Meinrad Rumely was dead, there was no doubt about it. Even the board of directors said so. His grandson, the good Doctor Edward A. Rumely had returned from Germany where he had been studying medicine to head up the company. He had met Rudolf Diesel while he was there and was impressed by the potential of his engine. On this side of the pond John Secor had also been developing an engine that could burn cheap fuels and in 1908 Dr. Rumely recruited his services. Assisted by the Rumely factory superintendent, William Higgins, he designed the first Oil Pull tractor in 1909. By the end of 1910 more than a hundred had been manufactured.
Early production models like the Type B 25-45 Oil Pull were large, heavy and expensive but they were well received and Rumely sold a lot of them. As it turned out Rumely sold too many of them ( most on credit sales ) and a crop failure in 1914 sent the company into bankruptcy when farmers defaulted on their loans. The company was soon reorganized but without the Rumely family who were left holding a lot of worthless paper. Maybe Ed Rumely should have studied business administration instead of medicine.
In the day of sod busting on the the prairies the big tractors were king, but by the 1920’s the market was shifting toward smaller, lighter and less expensive equipment. Rumely had produced a light tractor as early as 1916 when it introduced the 8-16 All Purpose which was followed in 1919 by a 12-20 Oil Pull. The type M 20-35 Oil Pull ( the subject of this post ) was introduced in 1924 and remained in production until 1927.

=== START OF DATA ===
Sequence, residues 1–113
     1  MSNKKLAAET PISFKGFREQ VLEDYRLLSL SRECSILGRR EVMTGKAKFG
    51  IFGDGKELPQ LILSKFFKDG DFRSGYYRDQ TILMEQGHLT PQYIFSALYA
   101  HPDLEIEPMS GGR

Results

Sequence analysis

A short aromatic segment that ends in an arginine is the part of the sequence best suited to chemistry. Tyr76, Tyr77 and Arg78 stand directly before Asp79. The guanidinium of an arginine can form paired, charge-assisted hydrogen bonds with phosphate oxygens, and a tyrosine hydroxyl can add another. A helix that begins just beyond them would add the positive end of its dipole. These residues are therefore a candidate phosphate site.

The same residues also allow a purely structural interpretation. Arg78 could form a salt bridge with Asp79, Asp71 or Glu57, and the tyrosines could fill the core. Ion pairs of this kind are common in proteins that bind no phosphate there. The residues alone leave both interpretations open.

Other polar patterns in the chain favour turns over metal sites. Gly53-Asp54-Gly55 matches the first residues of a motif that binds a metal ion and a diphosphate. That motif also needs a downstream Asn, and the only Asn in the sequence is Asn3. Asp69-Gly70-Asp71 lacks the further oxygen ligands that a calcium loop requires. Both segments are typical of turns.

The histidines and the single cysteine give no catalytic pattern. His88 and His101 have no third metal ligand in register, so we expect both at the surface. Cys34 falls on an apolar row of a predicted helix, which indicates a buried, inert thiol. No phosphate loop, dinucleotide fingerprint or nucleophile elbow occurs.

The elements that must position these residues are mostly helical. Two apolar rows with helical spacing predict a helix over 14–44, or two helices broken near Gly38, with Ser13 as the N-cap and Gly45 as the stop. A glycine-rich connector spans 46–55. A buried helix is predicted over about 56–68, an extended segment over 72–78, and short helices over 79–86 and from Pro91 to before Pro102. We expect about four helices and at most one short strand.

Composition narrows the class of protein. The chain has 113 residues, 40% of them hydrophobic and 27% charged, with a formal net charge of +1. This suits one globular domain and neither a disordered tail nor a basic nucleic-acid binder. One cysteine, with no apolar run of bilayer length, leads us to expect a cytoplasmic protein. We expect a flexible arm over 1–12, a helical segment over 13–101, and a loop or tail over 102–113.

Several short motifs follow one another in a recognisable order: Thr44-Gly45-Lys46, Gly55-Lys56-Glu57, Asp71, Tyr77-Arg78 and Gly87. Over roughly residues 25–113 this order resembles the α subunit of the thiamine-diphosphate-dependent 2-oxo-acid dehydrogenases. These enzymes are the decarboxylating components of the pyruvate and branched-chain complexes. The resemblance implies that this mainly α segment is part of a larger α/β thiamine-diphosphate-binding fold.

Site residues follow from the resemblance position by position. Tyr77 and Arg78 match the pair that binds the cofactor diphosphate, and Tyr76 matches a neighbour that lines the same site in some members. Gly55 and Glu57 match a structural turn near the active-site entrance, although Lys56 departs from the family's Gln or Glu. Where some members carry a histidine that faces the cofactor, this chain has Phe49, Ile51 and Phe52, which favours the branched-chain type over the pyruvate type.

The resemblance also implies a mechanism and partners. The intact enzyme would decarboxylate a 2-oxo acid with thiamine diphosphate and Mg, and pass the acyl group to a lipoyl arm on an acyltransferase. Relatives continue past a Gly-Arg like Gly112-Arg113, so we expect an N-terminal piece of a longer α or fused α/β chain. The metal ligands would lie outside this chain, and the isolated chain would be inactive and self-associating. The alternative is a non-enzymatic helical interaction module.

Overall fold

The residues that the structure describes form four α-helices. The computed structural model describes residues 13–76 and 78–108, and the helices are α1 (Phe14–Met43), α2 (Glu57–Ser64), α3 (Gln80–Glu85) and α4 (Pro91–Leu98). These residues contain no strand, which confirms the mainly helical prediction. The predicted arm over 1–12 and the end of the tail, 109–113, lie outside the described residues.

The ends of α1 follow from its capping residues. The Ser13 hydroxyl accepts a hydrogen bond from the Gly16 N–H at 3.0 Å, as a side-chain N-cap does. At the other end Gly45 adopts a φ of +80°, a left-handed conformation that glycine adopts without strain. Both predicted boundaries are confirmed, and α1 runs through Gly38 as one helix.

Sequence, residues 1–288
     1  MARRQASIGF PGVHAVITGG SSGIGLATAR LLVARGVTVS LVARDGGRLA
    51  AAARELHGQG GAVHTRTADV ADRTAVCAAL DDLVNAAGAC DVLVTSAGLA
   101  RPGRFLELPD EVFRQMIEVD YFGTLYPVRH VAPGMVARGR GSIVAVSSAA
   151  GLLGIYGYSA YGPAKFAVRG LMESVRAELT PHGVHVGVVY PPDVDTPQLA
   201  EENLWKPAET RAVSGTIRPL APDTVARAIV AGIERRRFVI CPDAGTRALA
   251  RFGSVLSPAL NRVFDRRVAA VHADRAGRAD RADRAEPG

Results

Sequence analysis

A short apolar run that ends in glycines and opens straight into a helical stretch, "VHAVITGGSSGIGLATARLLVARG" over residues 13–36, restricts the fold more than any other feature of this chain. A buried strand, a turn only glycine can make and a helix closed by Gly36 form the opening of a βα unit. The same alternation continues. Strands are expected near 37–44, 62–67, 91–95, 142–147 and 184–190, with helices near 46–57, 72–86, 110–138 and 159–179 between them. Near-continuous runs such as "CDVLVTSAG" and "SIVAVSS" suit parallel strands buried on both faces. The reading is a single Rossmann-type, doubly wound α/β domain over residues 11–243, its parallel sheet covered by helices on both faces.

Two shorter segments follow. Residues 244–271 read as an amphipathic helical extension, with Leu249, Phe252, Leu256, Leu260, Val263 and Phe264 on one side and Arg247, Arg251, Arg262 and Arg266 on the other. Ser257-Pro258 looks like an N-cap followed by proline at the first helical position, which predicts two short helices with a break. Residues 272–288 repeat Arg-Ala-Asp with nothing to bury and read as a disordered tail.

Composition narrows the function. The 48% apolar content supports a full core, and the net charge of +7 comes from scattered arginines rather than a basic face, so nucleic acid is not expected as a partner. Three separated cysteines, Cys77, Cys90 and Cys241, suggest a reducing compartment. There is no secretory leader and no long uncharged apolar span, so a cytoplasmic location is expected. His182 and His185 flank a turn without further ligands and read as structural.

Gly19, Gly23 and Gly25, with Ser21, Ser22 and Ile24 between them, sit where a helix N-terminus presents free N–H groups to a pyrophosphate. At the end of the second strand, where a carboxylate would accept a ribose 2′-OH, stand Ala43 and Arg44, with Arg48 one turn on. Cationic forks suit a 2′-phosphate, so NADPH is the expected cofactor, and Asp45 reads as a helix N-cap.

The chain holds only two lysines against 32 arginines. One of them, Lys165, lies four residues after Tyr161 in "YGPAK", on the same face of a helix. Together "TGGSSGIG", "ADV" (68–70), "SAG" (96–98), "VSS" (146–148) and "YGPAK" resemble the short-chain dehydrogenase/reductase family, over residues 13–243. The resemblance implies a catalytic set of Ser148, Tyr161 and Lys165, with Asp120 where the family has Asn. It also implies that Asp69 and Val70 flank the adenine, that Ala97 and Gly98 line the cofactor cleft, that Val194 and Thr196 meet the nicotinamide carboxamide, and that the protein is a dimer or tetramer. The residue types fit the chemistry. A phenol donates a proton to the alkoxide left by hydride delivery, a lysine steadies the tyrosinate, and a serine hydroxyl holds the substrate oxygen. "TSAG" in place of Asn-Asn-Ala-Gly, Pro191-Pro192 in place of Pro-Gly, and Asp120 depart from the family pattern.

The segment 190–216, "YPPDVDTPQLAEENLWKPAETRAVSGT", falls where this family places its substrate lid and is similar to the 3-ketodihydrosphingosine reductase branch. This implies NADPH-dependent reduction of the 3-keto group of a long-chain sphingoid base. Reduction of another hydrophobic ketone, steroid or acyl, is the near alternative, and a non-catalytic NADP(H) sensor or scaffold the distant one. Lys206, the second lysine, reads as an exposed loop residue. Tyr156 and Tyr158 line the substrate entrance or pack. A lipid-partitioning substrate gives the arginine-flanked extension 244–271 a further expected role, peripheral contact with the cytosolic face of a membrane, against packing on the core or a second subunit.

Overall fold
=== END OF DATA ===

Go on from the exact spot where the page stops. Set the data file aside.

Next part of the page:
Early in 1925 Rumely packed up serial number 79 of the M 20-35 and shipped it off to the University of Nebraska at Lincoln where it was tested between March 29 to April 15 in Tractor Test # 111. You can view and download a complete copy of the test report by visiting http:// digitalcommons.unl.edu/tractormuseumlit/ .
Specifications listed on the report gave the model M a horizontal 2 cylinder valve in head engine with a bore of 6 13/16” and stroke of 8 ¼” . Turning at 640 rpm it produced 35.39 brake hp and 21.13 hp at the drawbar while consuming 3.586 gal. of kerosene per hour. Forward speeds were recorded as 2 mph in first, 2.5 mph in second and 3 mph in third.
Sources: Nebraska Tractor Test # 111 report, Encyclopedia of American Farm Tractors by C. H. Wendel. And special thanks to the members of the Richland Creek Antique Power Association for providing the photo op.